3. Why companies and fund managers should address this topic

  • Risks for the business
    Unless it is well executed, involuntary resettlement can cause significant material business risks across the spectrum of E&S topics included in this Toolkit. Potential risks include:

    • Loss of social licence to operate, resulting in construction or development delays and/or disruption of operations due to social unrest and tensions with local communities, as well as legal claims from local communities (which can delay or even halt the granting of permits and licences).
    • Fines and penalties.
    • Implementation and construction delays resulting in increased compensation costs compared to the costs if the process had been properly managed from the onset (including project design and construction).
    • Longer and more complex E&S due diligence (ESDD) by lenders and investors.
    • Loss of access to international markets if poor or inadequate land acquisition and compensation practices are evident.
    • Damage to reputation as a result of adverse media and/or NGO attention.

  • Opportunities for the business
    Good land acquisition management and compensation processes can have the following benefits:

    • Early and proactive involvement by companies in resettlement activities (even where it is not directly or exclusively their responsibility) can lead to cost-effective, efficient and timely implementation of resettlement, and improved livelihoods for those affected by resettlement.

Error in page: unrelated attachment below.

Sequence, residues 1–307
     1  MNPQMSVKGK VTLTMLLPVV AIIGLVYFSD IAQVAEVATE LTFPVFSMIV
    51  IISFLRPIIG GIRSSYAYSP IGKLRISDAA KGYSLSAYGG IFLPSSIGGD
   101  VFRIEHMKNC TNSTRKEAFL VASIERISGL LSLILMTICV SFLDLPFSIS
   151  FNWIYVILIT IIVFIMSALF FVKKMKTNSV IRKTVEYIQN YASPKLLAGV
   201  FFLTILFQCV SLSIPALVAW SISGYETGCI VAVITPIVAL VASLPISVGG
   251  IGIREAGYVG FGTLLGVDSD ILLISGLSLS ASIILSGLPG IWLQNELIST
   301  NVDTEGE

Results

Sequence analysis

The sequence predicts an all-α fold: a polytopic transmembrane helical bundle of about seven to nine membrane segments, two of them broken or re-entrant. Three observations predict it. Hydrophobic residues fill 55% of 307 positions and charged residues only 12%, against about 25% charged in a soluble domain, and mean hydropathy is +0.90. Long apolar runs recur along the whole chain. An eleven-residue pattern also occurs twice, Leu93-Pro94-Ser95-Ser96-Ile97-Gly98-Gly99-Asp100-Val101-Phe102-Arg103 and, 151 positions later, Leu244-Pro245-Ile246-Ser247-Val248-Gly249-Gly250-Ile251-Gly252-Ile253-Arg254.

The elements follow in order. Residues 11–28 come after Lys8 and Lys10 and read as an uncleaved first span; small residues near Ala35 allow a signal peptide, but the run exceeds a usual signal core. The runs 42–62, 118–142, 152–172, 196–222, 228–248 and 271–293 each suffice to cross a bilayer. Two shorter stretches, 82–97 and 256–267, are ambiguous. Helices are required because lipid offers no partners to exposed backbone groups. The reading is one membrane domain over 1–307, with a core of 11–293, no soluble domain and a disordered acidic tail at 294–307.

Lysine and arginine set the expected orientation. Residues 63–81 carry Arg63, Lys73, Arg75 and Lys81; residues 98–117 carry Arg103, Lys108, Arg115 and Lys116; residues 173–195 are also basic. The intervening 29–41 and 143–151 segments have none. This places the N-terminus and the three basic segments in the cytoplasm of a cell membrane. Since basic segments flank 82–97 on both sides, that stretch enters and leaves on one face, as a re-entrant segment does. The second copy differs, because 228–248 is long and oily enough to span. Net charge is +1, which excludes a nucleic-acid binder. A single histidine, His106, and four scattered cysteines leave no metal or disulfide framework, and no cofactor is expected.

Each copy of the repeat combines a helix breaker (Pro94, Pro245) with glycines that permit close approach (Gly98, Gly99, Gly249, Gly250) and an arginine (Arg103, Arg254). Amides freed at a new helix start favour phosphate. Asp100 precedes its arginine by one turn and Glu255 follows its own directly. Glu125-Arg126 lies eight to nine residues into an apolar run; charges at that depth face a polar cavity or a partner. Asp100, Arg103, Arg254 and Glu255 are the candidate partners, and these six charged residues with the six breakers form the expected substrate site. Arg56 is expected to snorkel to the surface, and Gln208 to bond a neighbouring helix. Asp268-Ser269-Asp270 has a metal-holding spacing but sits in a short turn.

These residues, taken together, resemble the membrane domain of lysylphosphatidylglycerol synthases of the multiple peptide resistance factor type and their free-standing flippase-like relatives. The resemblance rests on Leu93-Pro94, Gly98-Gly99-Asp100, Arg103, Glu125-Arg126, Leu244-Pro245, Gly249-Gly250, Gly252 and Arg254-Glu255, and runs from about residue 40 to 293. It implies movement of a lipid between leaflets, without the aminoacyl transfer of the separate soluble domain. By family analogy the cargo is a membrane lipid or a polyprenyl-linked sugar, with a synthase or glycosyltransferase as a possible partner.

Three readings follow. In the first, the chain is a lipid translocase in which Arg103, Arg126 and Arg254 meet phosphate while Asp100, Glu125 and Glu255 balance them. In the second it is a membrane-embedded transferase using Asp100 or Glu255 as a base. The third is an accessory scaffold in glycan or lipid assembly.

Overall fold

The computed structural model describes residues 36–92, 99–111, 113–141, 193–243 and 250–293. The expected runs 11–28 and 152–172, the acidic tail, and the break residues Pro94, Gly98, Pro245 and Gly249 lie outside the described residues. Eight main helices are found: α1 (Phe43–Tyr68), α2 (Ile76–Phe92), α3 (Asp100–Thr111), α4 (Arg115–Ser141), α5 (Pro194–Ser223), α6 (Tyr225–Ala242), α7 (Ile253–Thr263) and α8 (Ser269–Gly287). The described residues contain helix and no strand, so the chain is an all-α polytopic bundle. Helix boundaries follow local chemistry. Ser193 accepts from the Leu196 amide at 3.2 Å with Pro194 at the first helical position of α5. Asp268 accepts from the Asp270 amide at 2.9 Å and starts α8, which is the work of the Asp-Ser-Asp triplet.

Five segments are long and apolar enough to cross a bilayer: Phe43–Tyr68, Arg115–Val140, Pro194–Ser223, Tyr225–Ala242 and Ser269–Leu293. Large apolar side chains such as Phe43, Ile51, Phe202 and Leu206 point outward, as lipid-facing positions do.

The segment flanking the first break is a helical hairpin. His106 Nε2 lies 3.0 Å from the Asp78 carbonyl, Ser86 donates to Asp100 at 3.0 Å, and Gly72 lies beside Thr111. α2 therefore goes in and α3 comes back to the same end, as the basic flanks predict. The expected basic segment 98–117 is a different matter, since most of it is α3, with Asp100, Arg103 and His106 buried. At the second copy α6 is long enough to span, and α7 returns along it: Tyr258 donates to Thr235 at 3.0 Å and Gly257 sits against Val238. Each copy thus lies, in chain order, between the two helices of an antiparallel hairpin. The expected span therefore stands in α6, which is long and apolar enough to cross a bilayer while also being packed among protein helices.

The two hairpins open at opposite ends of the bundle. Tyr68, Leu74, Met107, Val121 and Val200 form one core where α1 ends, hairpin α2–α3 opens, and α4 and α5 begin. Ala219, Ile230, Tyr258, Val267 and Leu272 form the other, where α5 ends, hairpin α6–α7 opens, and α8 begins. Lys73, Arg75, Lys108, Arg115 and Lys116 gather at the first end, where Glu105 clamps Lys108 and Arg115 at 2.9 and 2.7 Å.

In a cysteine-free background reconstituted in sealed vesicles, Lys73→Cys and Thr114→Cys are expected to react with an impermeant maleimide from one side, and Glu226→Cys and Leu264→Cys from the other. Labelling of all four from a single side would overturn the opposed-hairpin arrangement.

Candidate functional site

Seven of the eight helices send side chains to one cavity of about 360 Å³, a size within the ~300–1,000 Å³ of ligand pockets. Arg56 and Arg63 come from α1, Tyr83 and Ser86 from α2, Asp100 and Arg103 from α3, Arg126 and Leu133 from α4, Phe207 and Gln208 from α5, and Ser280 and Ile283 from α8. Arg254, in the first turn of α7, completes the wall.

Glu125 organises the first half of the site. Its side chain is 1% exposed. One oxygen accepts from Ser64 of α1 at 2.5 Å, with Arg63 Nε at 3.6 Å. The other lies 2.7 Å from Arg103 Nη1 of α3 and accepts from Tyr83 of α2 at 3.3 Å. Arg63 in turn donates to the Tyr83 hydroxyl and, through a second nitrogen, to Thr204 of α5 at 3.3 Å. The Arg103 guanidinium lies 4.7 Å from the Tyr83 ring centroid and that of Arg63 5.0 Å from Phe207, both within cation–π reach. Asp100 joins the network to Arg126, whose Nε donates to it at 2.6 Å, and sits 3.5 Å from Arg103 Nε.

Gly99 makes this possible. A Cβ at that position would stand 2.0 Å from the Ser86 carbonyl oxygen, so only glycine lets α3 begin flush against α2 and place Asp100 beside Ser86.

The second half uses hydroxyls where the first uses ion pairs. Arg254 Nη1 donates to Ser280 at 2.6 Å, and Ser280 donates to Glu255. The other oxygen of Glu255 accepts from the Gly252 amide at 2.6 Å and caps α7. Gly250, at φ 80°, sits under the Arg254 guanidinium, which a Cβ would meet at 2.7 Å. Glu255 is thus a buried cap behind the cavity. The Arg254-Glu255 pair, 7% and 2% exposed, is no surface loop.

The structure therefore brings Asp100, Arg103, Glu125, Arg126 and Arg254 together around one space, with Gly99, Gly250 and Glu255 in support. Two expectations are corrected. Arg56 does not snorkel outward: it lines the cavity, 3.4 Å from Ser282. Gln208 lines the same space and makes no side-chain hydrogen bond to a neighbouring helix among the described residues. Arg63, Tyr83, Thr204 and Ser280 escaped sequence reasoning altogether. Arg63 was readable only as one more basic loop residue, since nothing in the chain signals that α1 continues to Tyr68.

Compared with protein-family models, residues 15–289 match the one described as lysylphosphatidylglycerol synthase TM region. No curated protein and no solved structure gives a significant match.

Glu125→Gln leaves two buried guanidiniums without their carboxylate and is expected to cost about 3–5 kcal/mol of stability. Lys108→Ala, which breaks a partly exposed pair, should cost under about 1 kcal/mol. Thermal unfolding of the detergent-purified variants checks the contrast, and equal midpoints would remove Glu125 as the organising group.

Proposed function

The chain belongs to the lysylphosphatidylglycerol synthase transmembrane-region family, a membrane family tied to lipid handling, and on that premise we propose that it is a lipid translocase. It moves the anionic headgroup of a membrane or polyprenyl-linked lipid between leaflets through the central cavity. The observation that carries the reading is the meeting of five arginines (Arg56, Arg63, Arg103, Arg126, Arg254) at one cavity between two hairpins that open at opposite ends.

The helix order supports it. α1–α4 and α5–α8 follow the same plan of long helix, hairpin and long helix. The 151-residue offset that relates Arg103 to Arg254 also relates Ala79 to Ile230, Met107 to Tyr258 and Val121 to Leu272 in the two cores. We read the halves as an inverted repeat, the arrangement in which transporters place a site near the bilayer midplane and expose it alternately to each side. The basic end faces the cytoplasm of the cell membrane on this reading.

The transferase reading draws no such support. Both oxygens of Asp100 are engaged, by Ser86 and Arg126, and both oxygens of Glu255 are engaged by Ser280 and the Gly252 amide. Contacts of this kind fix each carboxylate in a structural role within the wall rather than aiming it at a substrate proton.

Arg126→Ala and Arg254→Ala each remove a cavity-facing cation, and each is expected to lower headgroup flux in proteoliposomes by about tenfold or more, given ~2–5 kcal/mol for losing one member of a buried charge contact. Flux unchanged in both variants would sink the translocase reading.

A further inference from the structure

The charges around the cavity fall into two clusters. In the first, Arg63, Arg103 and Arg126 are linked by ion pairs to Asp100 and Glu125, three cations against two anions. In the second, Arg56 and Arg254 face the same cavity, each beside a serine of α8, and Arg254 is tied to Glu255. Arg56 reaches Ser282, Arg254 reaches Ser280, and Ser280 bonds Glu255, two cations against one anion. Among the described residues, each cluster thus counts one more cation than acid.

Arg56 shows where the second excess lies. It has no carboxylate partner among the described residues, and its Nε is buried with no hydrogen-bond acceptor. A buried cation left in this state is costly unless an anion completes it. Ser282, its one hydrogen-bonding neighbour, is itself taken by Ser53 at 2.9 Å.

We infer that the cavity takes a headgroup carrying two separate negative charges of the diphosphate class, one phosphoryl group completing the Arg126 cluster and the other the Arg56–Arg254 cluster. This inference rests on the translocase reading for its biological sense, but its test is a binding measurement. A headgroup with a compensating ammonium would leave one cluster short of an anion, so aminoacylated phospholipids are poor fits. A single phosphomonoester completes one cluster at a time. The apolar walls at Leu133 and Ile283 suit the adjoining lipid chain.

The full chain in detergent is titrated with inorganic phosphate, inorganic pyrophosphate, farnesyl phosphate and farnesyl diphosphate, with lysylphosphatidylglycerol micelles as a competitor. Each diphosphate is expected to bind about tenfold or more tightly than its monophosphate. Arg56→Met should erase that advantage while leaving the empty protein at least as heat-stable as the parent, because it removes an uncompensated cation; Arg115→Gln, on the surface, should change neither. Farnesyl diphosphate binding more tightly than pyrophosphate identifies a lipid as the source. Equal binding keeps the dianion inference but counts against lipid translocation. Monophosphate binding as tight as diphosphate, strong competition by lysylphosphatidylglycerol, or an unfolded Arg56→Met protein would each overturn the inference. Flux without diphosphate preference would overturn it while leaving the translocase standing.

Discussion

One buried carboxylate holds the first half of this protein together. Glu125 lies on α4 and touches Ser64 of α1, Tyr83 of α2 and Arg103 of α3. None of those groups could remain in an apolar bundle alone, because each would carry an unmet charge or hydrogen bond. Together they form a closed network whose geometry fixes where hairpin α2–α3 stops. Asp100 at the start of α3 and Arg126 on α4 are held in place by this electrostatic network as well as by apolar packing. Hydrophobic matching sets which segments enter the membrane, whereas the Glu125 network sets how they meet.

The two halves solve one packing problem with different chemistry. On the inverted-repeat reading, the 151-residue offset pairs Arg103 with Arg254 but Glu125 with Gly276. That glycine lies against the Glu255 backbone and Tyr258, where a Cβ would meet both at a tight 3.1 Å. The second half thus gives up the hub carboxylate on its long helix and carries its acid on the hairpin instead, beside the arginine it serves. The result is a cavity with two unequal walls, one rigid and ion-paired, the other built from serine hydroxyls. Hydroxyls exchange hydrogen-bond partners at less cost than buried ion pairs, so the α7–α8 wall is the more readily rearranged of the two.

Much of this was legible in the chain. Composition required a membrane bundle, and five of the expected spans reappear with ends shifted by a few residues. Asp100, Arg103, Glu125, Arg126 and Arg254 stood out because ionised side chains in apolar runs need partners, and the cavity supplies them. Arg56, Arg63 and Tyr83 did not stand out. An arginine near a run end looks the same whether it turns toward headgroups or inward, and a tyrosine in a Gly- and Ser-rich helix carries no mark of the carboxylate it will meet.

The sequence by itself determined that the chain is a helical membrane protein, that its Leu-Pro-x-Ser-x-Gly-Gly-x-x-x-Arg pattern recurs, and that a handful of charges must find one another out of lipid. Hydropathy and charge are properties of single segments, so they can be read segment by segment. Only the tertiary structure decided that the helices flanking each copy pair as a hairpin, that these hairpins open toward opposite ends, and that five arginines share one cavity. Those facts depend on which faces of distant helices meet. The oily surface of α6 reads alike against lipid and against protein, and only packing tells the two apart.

• Continuous and transparent engagement with local communities can help the company identify actions/measures which could both improve the livelihoods of local communities and benefit the company (e.g. increasing the pool of trained workers, winning local community support and/or creating out-grower programmes).

4. Advice for fund managers

See BII environmental and social checklist as it contains questions and tips to help fund managers to assess the E&S aspects of an investment.

IFC’s Performance Standards – when applied consistently, well and in a timely manner – provide an effective E&S due diligence framework which should ensure effective management of E&S risks. However, particular attention should be given to circumstances where:

  • Food security risks are evident and smallholder farmers will be affected by the company’s operations.
  • Vulnerable groups and individuals will be affected.
  • Women may be affected in a different way to men.
  • There is evidence of systematic or generalised corruption in the acquisition of land or leases (this is not uncommon in many emerging markets and is not generally captured via the IFC Performance Standards framework).
  • Long-established assets are being acquired (generally agribusiness or plantations).

Companies and investors should have an understanding of the risks they pose to, and their impacts on, local communities. Companies can identify risks and impacts via a formal Environmental and Social Impact Assessment (ESIA), though it is important to recognise that land-related impacts are often poorly addressed in ESIAs (a function of consultant capacity, timing and scope of ESIAs, adequacy and completeness of consultation, and difficulties in the definition of social baselines, amongst other reasons).